In partnership with the Maine Memory Network Maine Memory Network

Farmington: Franklin County's Shiretown

Jacob Abbott

By: Christopher Brennick, Secondary Education major, Social Studies concentration, University of Maine at Farmington, Class of 2010; and
Michael Cummons, Secondary Education major, Social Studies concentration, University of Maine at Farmington, Class of 2010
With images from The Farmington Historical Society and The Farmington Public Library

Jacob Abbott played a major role in the development of education for both men and woman in the town of Farmington. Jacob Abbott spent his life as a pastor and educator, dedicated to educating young men and women in the Farmington area, as well as other areas in and out of the state of Maine. Jacob Abbott’s impact on the higher level of education in Farmington can still be felt today.

Jacob Abbott was the second child of Jacob and Lydia Abbot. Born in Hallowell, Maine on November 14th, 1803, Jacob was the oldest of five boys in his family, all of whom attended Hallowell Academy. After graduating from Hallowell Academy, Jacob attended Bowdoin College. While at Bowdoin, he added the second T to the end of his name to avoid being called Jacob Abbot the third. Upon his graduation in 1820, Jacob went to Andover College to study Theology. While he was studying at Andover, Jacob also taught at Portland Academy where one of his students was Henry Longfellow. In 1824, Jacob began as a tutor at Amherst College and was rewarded with a job as a professor of mathematics and natural philosophy in 1825 or 1826. In 1826 Jacob was also licensed to preach by The Hampshire Association. He stayed as a professor at Amherst until 1829.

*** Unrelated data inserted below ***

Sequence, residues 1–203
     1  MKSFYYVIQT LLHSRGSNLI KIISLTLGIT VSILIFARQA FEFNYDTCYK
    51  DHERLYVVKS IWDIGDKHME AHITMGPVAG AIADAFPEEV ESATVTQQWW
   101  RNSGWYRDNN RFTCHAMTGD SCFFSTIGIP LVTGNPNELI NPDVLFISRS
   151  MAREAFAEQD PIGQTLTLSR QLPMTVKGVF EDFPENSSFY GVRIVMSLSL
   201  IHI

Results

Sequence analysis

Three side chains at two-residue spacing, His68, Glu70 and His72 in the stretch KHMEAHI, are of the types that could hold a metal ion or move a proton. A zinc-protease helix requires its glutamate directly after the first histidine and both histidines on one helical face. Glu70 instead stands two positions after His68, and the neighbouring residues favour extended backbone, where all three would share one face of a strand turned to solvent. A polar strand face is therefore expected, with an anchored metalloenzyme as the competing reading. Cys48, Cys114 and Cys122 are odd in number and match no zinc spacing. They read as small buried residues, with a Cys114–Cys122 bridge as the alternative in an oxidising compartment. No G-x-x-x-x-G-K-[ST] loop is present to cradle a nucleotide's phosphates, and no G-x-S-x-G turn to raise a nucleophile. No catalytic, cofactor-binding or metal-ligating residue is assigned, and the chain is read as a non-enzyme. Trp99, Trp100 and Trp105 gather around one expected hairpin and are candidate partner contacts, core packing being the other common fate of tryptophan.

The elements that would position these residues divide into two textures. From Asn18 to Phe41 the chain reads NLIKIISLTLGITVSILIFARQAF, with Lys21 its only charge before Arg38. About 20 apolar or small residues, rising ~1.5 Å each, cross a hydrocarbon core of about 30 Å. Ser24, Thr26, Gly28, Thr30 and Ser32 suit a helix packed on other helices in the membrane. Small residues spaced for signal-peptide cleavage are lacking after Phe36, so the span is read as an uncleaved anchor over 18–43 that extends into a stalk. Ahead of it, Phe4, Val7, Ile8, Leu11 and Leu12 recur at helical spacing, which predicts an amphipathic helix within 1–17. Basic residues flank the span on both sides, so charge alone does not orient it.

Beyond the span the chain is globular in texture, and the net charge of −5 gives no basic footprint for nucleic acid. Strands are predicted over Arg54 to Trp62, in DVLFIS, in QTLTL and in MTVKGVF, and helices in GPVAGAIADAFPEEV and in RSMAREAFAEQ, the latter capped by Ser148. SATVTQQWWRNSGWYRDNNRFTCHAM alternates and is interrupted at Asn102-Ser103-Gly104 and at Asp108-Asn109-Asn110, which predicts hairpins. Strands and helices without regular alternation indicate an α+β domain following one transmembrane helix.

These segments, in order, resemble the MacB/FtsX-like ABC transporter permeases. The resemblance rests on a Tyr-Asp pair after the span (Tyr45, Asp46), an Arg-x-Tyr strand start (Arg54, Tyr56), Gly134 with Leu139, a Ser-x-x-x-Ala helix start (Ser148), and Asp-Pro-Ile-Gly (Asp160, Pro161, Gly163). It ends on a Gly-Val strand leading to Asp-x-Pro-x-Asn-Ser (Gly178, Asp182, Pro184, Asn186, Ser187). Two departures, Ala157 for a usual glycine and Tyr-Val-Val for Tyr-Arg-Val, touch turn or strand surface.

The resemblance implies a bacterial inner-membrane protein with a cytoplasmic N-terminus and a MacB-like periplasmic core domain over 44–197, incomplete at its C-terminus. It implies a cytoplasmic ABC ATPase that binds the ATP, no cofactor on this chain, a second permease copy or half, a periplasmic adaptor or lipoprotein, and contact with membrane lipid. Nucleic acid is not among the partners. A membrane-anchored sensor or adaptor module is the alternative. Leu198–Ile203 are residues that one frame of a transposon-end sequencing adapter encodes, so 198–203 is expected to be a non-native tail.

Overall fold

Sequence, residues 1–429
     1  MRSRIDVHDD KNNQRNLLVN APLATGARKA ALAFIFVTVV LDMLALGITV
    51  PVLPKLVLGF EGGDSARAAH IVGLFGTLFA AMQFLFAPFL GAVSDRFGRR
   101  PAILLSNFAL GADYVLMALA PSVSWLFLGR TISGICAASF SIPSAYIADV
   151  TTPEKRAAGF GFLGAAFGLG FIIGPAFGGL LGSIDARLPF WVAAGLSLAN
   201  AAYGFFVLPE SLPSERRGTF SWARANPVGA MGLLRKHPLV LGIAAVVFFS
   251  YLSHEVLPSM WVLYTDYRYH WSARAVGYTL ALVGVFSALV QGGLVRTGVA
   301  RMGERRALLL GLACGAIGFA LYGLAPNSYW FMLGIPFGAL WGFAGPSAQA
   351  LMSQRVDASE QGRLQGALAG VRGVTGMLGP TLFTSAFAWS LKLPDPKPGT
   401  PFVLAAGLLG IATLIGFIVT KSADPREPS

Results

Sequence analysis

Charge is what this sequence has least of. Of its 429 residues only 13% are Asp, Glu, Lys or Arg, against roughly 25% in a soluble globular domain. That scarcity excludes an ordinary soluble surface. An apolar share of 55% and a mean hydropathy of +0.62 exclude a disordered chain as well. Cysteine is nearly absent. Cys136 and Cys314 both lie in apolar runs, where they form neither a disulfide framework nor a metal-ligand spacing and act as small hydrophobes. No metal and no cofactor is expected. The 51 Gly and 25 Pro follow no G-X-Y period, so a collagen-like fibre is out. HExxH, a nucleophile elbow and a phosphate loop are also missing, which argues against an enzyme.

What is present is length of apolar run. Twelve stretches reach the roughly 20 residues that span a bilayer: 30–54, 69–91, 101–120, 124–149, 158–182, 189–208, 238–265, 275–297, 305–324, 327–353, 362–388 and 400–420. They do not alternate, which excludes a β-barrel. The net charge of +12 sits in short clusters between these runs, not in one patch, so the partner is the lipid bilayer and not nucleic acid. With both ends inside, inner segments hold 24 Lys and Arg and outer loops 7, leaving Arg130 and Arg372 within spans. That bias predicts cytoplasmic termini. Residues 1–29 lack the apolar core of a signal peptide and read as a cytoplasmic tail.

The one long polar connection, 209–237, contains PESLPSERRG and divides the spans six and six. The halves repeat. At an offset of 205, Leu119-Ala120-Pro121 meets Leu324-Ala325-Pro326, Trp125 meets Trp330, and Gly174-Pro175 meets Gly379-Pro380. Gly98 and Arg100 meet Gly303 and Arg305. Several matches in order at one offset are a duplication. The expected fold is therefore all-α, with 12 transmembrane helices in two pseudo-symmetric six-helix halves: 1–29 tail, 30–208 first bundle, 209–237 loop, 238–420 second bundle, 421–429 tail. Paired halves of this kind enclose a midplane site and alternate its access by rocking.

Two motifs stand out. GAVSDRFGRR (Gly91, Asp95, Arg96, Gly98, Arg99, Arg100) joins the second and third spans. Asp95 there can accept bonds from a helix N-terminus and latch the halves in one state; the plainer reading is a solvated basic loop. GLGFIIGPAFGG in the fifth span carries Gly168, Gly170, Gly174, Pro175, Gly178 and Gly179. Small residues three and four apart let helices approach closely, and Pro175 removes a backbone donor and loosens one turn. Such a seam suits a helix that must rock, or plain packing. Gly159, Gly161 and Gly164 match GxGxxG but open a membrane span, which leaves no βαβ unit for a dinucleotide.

Four sons of Jacob Abbott, Farmington, ca. 1865
Four sons of Jacob Abbott, Farmington, ca. 1865Jacob's sons Benjamin, Austin, Lyman, and Edward were also all well-known authors.Farmington Public Library

In May of 1828 Jacob married Harriet Vaughan. A year later Jacob opened up Mt. Vernon, a high school for girls, with his brother in Boston. In 1834, Jacob moved from Boston to Roxbury, MA. While in Roxbury, Jacob served as a pastor for the parish of a Congregational church which he also founded. During Jacob’s stay in Roxbury he also began writing children’s books. Jacob wrote many of his “Rollo Books” while in Roxbury, which were fictional children’s books, designed for an educational purpose. In either 1836 or 1837, Jacob gave up his position of his church and moved in with his father in Farmington, Maine. While in Farmington, Abbot continued his writing of children’s books. In addition to the Rollo books, Jacob also wrote the “Lucy Books,” the “Marco Paul” series, the “Franconia” stories, and a series of “Illustrated Histories” on historical figures. Jacob published one-hundred eighty books in his life time.

With the passing of his wife in 1843, Jacob moved to New York with his brothers John and Gorham and opened an all girl’s school called Abbot Institute. The Abbot Institute was ahead of its time in providing advanced academic training to young ladies. From 1843 to 1851 Jacob served as the principal of the Abbot Institute. In November of 1853 Jacob married for the second time to Mary Woodbury. Around 1870 Jacob left New York to come home to Farmington where his brother Samuel had turned Jacob’s house into the Abbot School, so Jacob took up residence in his father’s home until his death in 1879.


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